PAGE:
In a number of situations as a programmer, I've found that my compile times are slower than I would like, and I want to understand the reason and fix them. Particular language (yes, I'm using C/C++) tricks have already been discussed, and we apply many of them. I've also seen this question and realize it's related. What I'm more interested in is what tools people use to diagnose hardware/system bottlenecks in the build process. Is there a standard way to prove "Disk read/writes are too slow for our builds - we need SSD's!" or "The anti-virus settings are killing our build times!", etc...?
Resources I've found, none directly related to compiling performance diagnosis:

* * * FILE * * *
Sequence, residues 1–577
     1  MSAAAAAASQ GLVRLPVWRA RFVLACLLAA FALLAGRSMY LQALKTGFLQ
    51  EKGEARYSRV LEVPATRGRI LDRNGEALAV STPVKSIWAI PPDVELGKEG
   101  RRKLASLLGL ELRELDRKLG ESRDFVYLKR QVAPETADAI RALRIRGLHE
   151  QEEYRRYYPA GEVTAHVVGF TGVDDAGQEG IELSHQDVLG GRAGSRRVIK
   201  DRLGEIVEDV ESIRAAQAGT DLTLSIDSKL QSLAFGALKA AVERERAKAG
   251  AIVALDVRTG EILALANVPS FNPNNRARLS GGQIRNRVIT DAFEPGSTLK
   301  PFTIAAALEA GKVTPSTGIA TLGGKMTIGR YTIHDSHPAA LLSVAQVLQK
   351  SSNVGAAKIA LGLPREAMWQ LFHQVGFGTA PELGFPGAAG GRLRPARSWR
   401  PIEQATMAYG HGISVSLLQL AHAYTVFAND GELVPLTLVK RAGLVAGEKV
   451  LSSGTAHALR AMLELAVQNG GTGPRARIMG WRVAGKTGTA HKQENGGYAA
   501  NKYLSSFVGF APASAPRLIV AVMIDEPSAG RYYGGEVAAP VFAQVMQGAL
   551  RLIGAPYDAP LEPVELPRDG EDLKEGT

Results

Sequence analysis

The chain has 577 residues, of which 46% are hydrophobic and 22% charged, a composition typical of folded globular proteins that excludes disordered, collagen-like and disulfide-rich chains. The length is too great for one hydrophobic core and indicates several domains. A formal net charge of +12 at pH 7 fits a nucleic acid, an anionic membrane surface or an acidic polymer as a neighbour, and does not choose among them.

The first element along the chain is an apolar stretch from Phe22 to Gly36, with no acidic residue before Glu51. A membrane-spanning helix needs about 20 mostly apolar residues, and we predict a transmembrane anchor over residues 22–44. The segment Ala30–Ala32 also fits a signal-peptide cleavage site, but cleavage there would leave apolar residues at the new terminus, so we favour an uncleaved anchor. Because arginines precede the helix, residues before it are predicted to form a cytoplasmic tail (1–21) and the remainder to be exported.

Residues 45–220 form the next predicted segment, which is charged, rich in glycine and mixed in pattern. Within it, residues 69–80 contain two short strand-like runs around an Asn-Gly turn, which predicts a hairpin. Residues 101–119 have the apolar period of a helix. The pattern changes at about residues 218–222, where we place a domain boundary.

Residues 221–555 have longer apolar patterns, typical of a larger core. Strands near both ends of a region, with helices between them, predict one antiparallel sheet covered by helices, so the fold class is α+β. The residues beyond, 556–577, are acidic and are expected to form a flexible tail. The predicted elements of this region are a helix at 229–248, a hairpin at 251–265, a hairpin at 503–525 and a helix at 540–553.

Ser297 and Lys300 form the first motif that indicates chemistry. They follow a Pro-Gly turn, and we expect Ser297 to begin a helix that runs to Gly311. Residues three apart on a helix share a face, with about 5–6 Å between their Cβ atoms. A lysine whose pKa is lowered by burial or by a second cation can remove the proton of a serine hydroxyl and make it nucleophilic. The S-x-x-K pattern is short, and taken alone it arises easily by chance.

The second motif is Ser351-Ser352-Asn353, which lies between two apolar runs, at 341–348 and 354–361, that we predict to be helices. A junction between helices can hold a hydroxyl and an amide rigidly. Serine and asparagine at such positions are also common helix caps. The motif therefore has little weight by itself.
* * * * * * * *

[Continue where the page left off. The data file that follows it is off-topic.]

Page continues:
Currently, diagnosing a slow build is very much an art, and my tools of choice are:
- Process Explorer
- Process Monitor
- Push hard enough to get a machine to "just try it". (Basically, trial and error.)
What do others do to diagnose system-level build performance bottlenecks? Can we come up with a list of PerfMon or Process Explorer statistics to watch for, with thresholds for whats "acceptable" on a modern machine?
- CPU -> % of processor time
- MEMORY -> Page/sec
- DISK -> Avg. disk queue length
- CPU -> CPU
- DISK -> I/O Delta Total
- MEMORY -> Page Faults